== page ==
What does “S-L-P” stand for and what do you do? I hear this ALL OF THE TIME.
You mean, “speech therapy?” people always ask. Yes and no. As a SPEECH-LANGUAGE PATHOLOGIST (SLP), our scope of practice has significantly grown since the days of articulation one-on-one, sit-down therapy at school. We still do that, too; but we do much, much more!
As a SLP, we get to choose from several areas of practice to focus on, including: helping babies develop swallow skills to prevent “aspiration” (food/liquid going the wrong way). This includes:
- Developing a suck-swallow-breathe sequence with either bottle or breastfeeding as infant.
- Guiding parents in feeding and accessory use for ideal oromyofunctional development (how our mouth muscles and functions develop as a result of pacifier use, prolonged bottle feeding, delayed solid food introduction, tongue thrusting, open-mouthed posture, and thumb sucking, to name a few contributing factors)
- Guiding infants and toddlers in developing appropriate play skills (foundation for socializing and language)
teaching basic sign language to encourage communication and decrease frustration within the home atmosphere.
- Assessing and treating dysphagia (difficulty eating or swallowing) in all ages
- Targeting identified speech and language needs through play-based therapy (which some people mistake as “just playing” with the child — however, we are skillfully and distinctively targeting speech, language, or social skills the child demonstrated need in — and we do it with play!)
- Targeting sound development and how sounds are put together to make words
- Identifying speech patterns that may contribute to decreased intelligibility (“phonological processes” or “simplification patterns”) that we work on remediating to improve speech intelligibility
development of vocabulary (what words we use to communicate) and lexicon (what words we understand) to enrich or make communication functional
- Expanding sentence length and grammatical accuracy.
- Develop augmentative and alternative communication (AAC) based on needs of client. This may include low-tech boards, a yes/no system, or training on a speech-generating device.
- Rehabilitation post-traumatic brain injury or post-stroke for things like oromotor function for speech and swallowing, as well as expressive/receptive/global aphasia (difficulty speaking or understanding words/sentences)
- Assessing and treating voice disorders, including: diplophonia (double voicing), dysphonia (reduced voice), aphonia (no voicing), vocal nodules, vocal strain, vocal hygiene for optimal vocal health, among others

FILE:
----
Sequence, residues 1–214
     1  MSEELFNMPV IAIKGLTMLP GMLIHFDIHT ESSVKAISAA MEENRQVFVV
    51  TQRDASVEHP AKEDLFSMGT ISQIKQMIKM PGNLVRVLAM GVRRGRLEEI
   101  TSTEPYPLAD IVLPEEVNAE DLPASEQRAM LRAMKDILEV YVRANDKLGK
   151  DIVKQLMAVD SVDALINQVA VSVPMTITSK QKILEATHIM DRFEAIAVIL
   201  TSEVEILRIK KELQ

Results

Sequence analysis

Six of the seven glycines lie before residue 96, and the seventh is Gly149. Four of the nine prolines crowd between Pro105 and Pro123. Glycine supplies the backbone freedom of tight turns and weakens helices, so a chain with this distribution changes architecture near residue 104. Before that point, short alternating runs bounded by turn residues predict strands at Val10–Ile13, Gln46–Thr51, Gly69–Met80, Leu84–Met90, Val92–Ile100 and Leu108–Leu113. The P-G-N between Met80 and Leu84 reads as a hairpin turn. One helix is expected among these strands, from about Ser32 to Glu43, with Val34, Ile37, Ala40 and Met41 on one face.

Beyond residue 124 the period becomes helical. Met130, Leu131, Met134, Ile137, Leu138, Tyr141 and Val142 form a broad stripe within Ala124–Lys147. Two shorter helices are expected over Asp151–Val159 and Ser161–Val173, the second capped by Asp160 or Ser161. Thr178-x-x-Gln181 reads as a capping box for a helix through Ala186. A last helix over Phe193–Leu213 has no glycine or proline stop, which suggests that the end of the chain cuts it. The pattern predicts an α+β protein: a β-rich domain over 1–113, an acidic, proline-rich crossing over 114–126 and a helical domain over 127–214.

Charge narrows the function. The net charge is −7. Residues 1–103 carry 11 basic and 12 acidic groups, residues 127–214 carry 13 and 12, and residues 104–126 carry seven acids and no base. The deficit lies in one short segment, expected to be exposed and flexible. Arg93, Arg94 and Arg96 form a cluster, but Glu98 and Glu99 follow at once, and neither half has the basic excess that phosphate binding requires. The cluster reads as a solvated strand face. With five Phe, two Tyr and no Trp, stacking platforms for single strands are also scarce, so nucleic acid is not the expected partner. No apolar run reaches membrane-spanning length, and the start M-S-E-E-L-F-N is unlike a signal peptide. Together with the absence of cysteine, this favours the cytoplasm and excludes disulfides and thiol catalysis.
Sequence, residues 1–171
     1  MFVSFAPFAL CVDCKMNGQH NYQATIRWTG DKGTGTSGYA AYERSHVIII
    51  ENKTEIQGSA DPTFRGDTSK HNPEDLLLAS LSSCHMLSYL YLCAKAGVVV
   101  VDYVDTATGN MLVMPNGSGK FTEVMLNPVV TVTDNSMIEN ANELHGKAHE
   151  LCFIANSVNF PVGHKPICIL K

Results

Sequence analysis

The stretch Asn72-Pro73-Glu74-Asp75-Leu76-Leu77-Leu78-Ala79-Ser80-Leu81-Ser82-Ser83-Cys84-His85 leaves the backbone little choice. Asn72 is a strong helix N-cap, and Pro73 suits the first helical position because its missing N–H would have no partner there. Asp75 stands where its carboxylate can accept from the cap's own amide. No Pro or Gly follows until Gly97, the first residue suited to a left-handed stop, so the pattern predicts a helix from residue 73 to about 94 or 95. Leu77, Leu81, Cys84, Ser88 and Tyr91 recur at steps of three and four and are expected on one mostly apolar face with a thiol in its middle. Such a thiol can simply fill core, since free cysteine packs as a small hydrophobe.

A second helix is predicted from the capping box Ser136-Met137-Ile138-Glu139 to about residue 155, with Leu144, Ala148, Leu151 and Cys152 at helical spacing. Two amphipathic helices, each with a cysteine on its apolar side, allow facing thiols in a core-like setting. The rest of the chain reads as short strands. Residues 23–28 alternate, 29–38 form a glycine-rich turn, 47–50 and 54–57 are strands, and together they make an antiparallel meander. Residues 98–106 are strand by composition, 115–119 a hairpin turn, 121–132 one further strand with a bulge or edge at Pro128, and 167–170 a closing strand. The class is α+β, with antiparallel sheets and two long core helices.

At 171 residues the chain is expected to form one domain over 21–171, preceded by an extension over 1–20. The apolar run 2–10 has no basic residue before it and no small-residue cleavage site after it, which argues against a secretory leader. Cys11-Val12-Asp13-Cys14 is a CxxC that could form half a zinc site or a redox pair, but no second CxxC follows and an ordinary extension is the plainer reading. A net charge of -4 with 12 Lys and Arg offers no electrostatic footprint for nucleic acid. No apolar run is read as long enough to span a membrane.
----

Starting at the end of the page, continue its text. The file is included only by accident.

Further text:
- Coordination of speaking, swallowing, and breathing for those who have involved medical conditions
assessing and treatment of stuttering and cluttering
- Developing memory strategies for improved daily functioning
- Cognitive-communication functioning and treatment
- Literacy issues AND MORE!
Most people have had or know someone who has experienced a need for speech-language or feeding intervention. Whether your child was “late” talking, you have a friend with autism spectrum disorder (ASD) who uses a speech-generating device, as a new mother you experience difficulty transitioning your child to a bottle so that you could return to work, your grandmother had a stroke and went to rehabilitation as a transition back to home, or your school-aged child had difficulty mastering the “R.” SLPs are here for you, your family, and your friends.
A very important factor built into all of our evaluations is the use of multi-disciplinary referrals or consultation. If we see a child who is late talking and does not consistently respond to sound, an audiological evaluation is important to rule out hearing difficulty. If we evaluate a child who is a mouth-breather, which is affecting their oromyofacial development (how their oral and facial features and functions grow, look, and work), we will send him/her to an otolaryngologist (ear nose and throat doctor or ENT) to assess their adenoids, tonsils and naso-oro-pharyngeal structure/function. If we see someone with adverse social interactions that affect their communication skills, we may recommend an assessment by an occupational therapist to take a look at their sensory integration needs.
As clinicians, we do not take a uni-modal approach to your overall health. As speech and swallowing specialists, we understand how everything needs to work together to function properly (speaking, swallowing, and breathing is a complicated system that takes much coordination!) That’s why we evaluate with various inputs and outputs in mind.
Please visit the link below for more information on SLP’s scope of practice and areas of service: